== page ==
A recruitment drive is planned on the first death anniversary of militant commander Burhan Wani. Quite an audacious move, you might think. It will certainly be called audacious if the army, police or paramilitary forces had planned it. But no, they are contemplating curfew on 8 July (Saturday). There were even talks about imposing curfew in the region.
What makes the recruitment drive audacious is that it has been called by Zakir 'Musa', the radical militant commander who appears to have the allegiance and fan following of the majority of Kashmiri teenagers. Not only has the former Hizbul Mujahideen commander, who overtook the reins from Burhan, called recruits to join on the dead militant's death anniversary, but also at Burhan's native Tral. It has been advertised through several WhatsApp groups, many of which have large numbers of members across the Valley.
Those who have seen the notice, say 450 openings for new militants have been touted — 480, according to one version. It seems that interested boys are to be measured, given health checks, made to run a distance, and do the other things a recruitment exercise usually involves.
Morale and coordination
This audacity signals four things which must be taken seriously and not wished away with blinkered propaganda. One, it signals a buoyant morale among militants, especially the most radical stream of youth mobilisation. Musa is the flavour of the season. Ten militants were reported to have gone from Hizbul Mujahideen to Musa's camp earlier this week.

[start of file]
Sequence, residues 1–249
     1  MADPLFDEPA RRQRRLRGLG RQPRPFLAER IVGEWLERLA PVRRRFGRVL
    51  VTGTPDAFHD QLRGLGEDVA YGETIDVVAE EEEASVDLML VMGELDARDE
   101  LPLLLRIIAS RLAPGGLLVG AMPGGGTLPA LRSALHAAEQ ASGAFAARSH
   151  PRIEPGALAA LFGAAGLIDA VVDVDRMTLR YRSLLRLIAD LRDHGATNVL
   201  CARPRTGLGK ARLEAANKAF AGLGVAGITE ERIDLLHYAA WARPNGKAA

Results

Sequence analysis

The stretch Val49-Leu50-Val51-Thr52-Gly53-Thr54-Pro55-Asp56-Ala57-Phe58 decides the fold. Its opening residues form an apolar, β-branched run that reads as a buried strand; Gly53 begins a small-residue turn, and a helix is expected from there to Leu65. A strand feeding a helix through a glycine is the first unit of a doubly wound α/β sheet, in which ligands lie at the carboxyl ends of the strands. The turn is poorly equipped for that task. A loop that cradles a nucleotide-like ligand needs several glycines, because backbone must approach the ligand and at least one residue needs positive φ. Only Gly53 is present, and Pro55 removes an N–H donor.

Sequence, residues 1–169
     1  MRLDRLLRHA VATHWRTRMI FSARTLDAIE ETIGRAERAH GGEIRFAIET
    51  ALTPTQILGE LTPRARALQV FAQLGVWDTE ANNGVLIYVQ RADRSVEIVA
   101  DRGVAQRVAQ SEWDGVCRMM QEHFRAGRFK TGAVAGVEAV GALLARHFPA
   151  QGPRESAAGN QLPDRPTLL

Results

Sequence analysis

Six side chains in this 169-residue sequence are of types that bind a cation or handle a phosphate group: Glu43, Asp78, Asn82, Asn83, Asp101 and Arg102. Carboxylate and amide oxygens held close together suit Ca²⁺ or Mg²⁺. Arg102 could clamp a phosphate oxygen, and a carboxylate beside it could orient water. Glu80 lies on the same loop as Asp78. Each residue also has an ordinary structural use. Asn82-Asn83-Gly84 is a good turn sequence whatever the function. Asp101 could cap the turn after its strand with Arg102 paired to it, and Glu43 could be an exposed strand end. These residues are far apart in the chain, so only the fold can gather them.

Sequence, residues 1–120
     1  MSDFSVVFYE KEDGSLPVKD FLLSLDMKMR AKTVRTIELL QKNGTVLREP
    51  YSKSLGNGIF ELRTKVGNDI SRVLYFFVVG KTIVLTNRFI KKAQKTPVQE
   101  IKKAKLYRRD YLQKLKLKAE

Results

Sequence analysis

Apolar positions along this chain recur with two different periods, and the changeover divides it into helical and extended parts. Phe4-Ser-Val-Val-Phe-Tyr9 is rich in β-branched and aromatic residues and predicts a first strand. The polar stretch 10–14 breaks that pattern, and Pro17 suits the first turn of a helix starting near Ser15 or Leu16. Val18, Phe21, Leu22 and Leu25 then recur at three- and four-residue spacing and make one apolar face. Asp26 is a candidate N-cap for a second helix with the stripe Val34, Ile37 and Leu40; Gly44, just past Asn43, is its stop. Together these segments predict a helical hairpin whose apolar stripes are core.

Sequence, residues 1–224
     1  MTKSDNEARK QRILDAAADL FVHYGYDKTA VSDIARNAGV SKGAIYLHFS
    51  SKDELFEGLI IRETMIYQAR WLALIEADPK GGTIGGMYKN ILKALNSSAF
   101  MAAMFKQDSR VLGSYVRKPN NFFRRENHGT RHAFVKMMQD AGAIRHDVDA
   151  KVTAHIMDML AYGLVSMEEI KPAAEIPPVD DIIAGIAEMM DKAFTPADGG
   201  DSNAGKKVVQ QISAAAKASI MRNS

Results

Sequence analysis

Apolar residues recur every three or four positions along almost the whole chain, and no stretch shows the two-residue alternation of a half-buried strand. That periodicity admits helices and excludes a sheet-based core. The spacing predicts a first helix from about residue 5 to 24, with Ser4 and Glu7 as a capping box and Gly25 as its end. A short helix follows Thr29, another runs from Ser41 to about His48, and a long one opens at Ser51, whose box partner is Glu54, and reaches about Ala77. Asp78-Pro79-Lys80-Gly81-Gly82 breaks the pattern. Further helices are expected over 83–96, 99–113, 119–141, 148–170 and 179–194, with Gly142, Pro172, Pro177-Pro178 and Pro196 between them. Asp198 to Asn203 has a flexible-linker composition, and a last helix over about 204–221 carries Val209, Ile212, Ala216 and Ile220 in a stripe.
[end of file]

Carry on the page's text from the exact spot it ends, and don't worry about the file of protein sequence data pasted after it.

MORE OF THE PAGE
Even the three Lashkar-e-Taiba militants, who were killed in an encounter at Kakapora on 22 June, spoke to Musa over the telephone in their last hour. The content of that phone conversation is significant. They asked him to get in touch with Abu Dujana, and get a list of their contacts from him.
Since Dujana heads Lashkar-e-Taiba operations in south Kashmir, this is only one of several indications that the various groups are working in tandem. Musa's open radicalisation has not splintered the militant movement. Rather, it has steered the movement overall in an even radical jihad-oriented direction.
Arms and ammunition
Operationally, the call to recruit could indicate that arms have become available for the new batch of militant recruits. So far, most of the boys operating in south Kashmir have worked with 'snatched' guns. If some of the most well-informed observers here are to be believed, they have also been getting hold of ammunition from police armouries.
So far, police estimates put the number of militants at a little more than 200. To ask for almost 500 new militants to rally to the movement in one go, must signal that a sure-fire supply of weapons has become available. There are indeed rumours that high-calibre weapons have reached the Valley — presumably from across the Line of Control.
Whatever the truth of such rumours, various forces deployed in the Valley should keep a zealous vigil on their arms and ammunition dumps. For any of these to be compromised would change the balance of firepower advantage tremendously.
The more obvious signal of this recruitment effort is what is already widely expected in Kashmir — that militancy is set to take a quantum leap in the next few days and weeks. In fact, it would not be surprising if a war-like scenario were to emerge on the ground by August.
That would set the stage for belligerence at the United Nations General Assembly in September. Pakistan has often raised the Kashmir issue in past years but generally got no support. This time, Turkey (on Indian soil) and Iran (at the highest level) have already spoken in favour of the Kashmiri armed struggle. Given its global trade clout, China could potentially rally a couple of score more UN members.
Dramatic events and scenes in the Valley over the next two months would be tailor-made to set the stage for key geo-strategic moves on the global stage.
Updated Date: Jul 06, 2017 11:41 AM